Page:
The first things to be built were the two great towers on either side of the river. The first stage in that construction was the construction of great wood and iron caissons; huge structures as high as the river was deep that were water sealed and bottomless. They were built in the Brooklyn navy yard and towed out and sunk over their respective sites on the Brooklyn and Manhattan side. Compressed air was pumped into the chamber at the bottom to keep out the river water. Construction crews cleared out the mud and rock from the bottom by hand, digging down to bedrock. As crews dug below, the stone and concrete base of the tower was built on top. When the caissons reached bedrock, the work chambers would be filled with concrete.

Work inside the caissons was dark and dangerous. Most of the men who worked excavating the foundation were Irish laborers paid pennies per day. There was the constant risk of fire and flooding. One of the caissons did catch fire. The fire was so intense and spread out through the wooden hull that the caisson had to be flooded to extinguish it.
An even worse danger came in the form of "caisson's disease." Perfectly healthy men would suddenly start vomiting and convulsing. Some would end up partially paralyzed, others died. This was "the bends" caused by the sudden change in air pressure when emerging out of the caisson. Nitrogen bubbles would form in the blood, causing convulsions and excruciating pain. Washington Roebling himself would be permanently invalided by "caisson's disease." He frequently visited the caissons, sometimes working beside the laborers.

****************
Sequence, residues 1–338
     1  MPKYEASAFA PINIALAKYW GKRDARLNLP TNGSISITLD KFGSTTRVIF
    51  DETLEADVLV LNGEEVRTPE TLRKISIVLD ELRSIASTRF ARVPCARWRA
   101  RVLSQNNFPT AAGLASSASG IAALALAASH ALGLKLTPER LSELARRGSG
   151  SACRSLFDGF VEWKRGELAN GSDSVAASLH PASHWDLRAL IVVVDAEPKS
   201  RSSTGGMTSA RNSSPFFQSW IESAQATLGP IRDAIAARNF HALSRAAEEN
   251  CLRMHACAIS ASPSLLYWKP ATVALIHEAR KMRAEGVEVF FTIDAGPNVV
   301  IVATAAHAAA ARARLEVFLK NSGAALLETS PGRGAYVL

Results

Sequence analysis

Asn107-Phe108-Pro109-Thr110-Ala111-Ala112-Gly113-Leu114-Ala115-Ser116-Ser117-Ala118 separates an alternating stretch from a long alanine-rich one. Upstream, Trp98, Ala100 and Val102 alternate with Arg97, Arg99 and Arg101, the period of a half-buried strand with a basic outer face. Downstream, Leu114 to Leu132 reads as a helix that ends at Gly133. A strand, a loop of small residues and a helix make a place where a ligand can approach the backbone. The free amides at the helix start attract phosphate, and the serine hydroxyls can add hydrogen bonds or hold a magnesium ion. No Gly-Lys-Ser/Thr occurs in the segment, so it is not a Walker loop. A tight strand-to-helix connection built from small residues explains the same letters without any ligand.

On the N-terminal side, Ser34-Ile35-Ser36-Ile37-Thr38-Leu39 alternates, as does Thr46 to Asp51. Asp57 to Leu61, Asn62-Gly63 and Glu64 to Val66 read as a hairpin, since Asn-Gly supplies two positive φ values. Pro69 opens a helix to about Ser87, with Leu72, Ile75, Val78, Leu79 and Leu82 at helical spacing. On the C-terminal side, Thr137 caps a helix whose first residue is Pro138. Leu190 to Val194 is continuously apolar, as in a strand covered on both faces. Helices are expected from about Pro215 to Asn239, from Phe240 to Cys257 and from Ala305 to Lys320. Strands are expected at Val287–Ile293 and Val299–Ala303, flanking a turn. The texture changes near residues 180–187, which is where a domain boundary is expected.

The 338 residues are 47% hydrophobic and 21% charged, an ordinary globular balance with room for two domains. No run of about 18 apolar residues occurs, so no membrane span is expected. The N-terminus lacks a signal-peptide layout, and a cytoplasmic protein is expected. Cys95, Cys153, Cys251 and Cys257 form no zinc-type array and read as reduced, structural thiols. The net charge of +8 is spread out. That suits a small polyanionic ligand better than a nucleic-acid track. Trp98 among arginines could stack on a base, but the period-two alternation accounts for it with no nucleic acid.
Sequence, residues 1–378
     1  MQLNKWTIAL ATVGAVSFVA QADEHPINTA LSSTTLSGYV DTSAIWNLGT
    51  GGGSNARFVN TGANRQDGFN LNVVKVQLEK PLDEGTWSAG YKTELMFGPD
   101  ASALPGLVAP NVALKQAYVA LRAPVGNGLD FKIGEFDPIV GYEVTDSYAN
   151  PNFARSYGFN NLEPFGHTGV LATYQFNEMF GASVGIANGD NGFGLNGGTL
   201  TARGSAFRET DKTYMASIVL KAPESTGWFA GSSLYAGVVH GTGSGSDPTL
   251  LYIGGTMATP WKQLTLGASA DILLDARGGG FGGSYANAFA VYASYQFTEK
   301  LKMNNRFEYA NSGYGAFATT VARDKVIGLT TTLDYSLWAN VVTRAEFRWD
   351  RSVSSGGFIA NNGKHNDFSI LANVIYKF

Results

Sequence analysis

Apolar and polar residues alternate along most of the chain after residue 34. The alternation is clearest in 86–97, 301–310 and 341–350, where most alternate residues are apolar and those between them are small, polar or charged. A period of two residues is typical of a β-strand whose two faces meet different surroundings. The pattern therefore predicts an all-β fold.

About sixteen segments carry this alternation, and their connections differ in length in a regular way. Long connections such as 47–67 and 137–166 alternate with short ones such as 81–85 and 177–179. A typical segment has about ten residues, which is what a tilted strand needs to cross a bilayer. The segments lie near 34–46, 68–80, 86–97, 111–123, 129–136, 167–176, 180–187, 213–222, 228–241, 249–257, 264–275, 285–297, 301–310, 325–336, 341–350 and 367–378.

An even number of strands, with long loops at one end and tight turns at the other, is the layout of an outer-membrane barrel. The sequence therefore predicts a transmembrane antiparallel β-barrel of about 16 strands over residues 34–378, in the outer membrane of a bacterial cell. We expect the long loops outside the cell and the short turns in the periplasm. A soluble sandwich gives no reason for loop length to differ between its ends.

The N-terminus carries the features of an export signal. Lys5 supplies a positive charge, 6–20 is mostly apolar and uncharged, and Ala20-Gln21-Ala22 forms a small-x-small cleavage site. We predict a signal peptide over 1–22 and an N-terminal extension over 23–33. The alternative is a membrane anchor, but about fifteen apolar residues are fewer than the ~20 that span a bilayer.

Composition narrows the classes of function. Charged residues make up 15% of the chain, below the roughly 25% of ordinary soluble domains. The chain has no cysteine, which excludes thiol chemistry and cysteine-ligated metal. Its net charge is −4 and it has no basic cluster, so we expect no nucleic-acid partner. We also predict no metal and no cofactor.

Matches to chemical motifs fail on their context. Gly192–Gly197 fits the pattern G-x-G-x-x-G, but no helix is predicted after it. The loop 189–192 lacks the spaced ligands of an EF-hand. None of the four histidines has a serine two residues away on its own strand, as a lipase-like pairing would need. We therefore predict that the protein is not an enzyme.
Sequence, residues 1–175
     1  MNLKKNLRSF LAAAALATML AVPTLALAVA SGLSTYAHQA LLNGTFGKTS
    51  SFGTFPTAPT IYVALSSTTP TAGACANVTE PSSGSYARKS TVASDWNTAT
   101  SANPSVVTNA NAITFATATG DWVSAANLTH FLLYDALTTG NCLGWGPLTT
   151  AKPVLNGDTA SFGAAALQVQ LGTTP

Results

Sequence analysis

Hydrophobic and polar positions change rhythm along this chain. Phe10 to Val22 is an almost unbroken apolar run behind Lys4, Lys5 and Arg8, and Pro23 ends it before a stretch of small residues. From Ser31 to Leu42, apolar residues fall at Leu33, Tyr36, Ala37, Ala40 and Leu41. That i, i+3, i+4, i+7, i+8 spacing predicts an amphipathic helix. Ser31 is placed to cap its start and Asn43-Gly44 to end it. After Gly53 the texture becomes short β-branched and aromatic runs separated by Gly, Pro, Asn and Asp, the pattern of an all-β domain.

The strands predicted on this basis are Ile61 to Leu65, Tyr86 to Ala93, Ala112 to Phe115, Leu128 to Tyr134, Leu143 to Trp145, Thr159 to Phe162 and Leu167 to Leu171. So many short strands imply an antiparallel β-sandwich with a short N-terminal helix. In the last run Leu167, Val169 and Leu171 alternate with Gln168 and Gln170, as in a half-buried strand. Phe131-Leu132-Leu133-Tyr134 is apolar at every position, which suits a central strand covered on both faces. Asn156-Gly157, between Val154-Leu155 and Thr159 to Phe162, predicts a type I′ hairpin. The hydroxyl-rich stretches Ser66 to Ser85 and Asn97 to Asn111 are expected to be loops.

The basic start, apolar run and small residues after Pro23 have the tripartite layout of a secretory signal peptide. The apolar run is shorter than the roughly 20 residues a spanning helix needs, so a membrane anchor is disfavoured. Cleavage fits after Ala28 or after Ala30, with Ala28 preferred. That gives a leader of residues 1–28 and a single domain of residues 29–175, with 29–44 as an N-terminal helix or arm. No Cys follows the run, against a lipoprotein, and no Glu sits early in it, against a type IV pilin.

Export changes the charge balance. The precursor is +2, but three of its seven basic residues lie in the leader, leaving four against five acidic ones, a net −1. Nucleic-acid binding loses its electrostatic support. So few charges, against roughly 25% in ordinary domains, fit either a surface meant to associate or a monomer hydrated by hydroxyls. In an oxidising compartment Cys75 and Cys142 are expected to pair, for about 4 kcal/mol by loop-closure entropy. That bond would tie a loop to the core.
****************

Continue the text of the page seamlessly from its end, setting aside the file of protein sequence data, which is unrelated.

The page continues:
Emily Roebling

Washington's wife, Emily, became the de facto supervisor and chief engineer of the project after her husband became incapacitated.

When completed, the towers were the tallest buildings in the city, and the first structures to top out the spire of Trinity Church, previously the tallest structure in the city. Then came the task of building the cable web and the 135 foot high span across the river. This work was slowed by corruption and by catastrophe. Much of the cable had to be remade and rebuilt when it was found out that a corrupt manufacturer cut corners and shorted the quality of the steel in some of the cable. Worse happened when one of the cables suddenly snapped, killing 2 men and injuring several more. A total of 27 men died while building the Brooklyn Bridge.

The completed Bridge was opened on May 24, 1883, Queen Victoria's birthday. Emily Roebling was the first to cross, leading a delegation including the governor of New York, the mayors of New York and Brooklyn, and the President of the USA, Chester Arthur (who?). They crossed the bridge to congratulate the bedridden Washington Roebling at his home on his accomplishment.